Pancreatic cancer is characterised by invasive tumour spread and early metastasis formation. During epithelial–mesenchymal transition, loss of the cell adhesion molecule E-cadherin is frequent and can be caused by genetic or epigenetic modifications, recruitment of transcriptional activators/repressors or post-translational modifications. A study was undertaken to investigate how E-cadherin expression in human pancreatic adenocarcinoma and pancreatic cancer cell lines is regulated.Methods
In 25 human pancreatic cancer resection specimens, the coding region of the E-cadherin gene (CDH1) was sequenced for somatic mutations. The tumour samples and 11 established human pancreatic cancer cell lines were analysed by immunohistochemistry, western blot analysis, chromatin immunoprecipitation and methylation-specific PCR. The role of specific histone deacetylase inhibitors (HDACi) on pancreatic tumour cell migration and proliferation was studied in vitro.Results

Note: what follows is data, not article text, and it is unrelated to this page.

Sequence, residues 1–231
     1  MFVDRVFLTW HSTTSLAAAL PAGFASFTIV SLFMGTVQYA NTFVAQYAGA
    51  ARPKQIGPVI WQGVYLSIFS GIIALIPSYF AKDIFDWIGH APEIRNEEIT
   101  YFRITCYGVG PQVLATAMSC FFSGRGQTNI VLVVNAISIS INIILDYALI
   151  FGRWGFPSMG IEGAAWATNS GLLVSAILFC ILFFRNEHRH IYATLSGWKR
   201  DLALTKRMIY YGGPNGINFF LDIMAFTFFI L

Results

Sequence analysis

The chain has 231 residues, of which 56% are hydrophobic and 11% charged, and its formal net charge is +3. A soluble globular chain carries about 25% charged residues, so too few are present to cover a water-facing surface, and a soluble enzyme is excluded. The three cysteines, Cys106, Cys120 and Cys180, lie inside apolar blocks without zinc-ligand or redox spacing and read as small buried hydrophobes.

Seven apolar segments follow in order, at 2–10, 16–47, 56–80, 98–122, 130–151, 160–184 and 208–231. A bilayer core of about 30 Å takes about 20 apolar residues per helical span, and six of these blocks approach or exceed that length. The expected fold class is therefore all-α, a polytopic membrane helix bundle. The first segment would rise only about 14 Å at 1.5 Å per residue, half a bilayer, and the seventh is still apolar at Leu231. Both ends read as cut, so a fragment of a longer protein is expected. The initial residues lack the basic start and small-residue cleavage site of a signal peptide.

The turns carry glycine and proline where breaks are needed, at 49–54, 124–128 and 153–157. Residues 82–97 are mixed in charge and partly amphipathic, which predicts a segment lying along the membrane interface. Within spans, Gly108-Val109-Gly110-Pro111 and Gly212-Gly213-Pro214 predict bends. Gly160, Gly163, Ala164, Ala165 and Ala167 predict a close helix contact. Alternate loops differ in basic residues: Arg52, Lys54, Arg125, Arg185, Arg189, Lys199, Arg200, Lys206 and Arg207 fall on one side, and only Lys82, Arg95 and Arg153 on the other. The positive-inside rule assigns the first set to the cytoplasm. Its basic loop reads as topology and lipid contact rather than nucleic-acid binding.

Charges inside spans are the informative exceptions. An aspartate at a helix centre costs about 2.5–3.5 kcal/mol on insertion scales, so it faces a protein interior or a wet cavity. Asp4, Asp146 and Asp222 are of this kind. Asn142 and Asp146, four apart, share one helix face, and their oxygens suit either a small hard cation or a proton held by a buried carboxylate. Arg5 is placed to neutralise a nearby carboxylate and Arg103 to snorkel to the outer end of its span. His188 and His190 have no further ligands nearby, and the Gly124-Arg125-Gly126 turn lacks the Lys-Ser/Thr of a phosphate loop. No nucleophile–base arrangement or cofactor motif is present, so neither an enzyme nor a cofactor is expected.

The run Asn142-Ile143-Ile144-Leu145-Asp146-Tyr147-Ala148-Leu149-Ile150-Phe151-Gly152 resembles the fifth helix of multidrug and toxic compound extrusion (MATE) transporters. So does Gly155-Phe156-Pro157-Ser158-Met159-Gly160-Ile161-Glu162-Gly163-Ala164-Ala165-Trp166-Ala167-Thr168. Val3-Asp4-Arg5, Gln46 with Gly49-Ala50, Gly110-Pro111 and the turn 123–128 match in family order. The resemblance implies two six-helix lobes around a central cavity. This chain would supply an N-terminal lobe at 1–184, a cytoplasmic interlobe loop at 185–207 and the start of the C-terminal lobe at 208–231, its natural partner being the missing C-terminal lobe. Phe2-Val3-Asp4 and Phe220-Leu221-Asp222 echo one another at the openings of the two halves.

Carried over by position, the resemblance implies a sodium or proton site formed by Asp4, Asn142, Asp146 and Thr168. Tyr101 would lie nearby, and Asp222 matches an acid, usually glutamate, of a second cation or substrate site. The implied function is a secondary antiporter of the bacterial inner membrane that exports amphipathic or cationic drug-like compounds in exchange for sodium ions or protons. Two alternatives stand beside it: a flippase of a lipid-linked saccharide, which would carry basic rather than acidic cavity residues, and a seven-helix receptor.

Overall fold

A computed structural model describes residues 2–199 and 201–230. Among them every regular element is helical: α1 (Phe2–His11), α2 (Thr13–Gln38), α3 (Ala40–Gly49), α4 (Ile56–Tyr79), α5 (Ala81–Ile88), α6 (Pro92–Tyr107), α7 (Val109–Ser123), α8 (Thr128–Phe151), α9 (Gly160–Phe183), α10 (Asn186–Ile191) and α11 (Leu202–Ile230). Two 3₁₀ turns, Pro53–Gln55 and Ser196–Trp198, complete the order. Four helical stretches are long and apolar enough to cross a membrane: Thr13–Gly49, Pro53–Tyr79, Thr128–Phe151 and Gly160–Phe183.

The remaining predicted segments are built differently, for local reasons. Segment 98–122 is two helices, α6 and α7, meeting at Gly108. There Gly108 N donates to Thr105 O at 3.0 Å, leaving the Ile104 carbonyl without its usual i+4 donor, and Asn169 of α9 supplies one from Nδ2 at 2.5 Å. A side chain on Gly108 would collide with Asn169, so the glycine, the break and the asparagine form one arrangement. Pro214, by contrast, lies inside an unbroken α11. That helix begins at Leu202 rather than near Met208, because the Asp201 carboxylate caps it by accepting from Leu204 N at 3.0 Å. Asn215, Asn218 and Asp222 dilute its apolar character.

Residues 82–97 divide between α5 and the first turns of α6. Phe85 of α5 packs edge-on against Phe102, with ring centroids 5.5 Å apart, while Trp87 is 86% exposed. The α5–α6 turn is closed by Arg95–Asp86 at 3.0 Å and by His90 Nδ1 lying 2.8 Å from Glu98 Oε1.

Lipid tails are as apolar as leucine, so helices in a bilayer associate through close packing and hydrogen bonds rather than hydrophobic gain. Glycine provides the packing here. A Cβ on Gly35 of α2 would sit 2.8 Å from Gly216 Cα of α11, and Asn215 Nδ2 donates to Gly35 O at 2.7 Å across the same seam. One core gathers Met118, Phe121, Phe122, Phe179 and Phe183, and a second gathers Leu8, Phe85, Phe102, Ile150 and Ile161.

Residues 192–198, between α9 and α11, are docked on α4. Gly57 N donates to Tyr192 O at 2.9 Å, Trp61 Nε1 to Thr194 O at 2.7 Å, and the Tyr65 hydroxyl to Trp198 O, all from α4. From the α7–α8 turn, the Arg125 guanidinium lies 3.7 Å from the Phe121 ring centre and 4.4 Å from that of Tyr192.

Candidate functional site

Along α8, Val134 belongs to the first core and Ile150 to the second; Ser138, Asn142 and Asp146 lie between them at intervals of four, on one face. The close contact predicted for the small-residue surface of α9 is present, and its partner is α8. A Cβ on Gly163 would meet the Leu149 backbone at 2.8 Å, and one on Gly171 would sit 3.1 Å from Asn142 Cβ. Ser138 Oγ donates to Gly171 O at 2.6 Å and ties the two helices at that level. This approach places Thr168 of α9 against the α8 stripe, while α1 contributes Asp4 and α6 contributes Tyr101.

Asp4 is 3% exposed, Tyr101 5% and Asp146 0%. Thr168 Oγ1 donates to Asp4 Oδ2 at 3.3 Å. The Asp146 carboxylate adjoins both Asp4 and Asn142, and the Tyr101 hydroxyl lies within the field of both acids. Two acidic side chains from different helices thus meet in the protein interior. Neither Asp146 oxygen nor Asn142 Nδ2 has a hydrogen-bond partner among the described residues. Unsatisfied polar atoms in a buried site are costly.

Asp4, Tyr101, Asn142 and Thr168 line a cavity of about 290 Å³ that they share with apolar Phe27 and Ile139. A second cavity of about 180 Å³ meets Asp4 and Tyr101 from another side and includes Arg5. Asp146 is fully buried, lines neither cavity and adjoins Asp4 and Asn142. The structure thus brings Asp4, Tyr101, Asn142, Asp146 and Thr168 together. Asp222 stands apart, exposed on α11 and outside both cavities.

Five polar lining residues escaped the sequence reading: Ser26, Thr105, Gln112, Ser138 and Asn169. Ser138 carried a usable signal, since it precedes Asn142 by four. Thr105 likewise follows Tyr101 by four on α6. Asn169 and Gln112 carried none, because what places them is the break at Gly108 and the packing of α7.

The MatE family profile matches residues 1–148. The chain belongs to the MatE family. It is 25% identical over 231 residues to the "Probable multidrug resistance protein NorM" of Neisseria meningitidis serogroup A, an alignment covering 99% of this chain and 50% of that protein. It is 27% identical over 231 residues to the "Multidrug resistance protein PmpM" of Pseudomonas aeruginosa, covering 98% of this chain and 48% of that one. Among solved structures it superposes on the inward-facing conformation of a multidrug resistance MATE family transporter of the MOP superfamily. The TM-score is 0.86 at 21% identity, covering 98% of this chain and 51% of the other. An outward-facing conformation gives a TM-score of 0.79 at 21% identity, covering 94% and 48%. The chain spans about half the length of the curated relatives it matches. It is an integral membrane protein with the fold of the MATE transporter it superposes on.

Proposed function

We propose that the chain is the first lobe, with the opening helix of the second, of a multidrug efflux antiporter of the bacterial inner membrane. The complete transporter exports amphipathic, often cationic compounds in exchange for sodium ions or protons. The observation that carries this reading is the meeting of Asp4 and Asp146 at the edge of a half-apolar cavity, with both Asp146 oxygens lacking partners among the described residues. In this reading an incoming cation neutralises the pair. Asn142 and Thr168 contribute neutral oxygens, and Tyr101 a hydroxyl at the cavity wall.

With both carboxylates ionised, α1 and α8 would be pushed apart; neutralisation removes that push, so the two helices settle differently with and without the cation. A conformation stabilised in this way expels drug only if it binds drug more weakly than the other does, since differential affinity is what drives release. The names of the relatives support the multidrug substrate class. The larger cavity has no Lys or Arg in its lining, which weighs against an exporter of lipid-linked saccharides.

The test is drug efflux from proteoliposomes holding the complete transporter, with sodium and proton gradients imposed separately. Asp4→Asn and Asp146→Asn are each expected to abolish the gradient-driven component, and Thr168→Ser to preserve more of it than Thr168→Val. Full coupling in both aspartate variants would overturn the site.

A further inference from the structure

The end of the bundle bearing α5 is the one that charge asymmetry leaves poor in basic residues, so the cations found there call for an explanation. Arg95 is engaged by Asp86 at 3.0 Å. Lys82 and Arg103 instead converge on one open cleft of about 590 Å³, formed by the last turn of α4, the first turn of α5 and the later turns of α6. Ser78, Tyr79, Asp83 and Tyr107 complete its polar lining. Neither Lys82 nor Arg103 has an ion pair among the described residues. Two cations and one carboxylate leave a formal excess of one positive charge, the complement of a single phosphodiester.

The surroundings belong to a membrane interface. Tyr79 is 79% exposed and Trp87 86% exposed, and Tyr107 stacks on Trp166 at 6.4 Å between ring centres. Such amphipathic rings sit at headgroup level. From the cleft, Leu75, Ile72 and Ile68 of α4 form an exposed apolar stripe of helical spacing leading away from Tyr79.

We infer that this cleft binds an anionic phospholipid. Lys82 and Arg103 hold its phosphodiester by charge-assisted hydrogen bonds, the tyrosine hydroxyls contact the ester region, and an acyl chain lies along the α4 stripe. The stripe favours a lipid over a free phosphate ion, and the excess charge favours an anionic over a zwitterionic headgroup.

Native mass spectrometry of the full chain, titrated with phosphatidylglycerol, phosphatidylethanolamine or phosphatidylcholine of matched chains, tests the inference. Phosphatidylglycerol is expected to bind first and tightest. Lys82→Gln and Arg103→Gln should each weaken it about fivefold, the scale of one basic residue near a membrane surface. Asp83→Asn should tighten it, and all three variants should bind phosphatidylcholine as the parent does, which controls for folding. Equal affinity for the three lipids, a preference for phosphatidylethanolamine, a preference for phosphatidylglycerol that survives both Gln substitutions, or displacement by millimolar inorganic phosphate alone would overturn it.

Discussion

Neither somatic mutations nor CDH1 promoter hypermethylation were found to be responsible for downregulation of E-cadherin in pancreatic cancer. In the transcriptionally active CDH1 promoter, acetylation of histones H3 and H4 was detected whereas HDAC1 and HDAC2 were found attached only to a silent promoter. Expression of ZEB1, a transcription factor known to recruit HDACs, was seen in E-cadherin-deficient cell lines in which ZEB1/HDAC complexes were found attached to the CDH1 promoter. Moreover, knockdown of ZEB1 prevented HDAC from binding to the CDH1 promoter, resulting in histone acetylation and expression of E-cadherin. HDACi treatment attenuated tumour cell migration and proliferation.Conclusions
These findings imply an important role for histone deacetylation in the downregulation of E-cadherin in human pancreatic cancer. Recruitment of HDACs to the CDH1 promoter is regulated by the transcription factor ZEB1, and inhibition of HDACs may be a promising antitumour therapy for pancreatic cancer.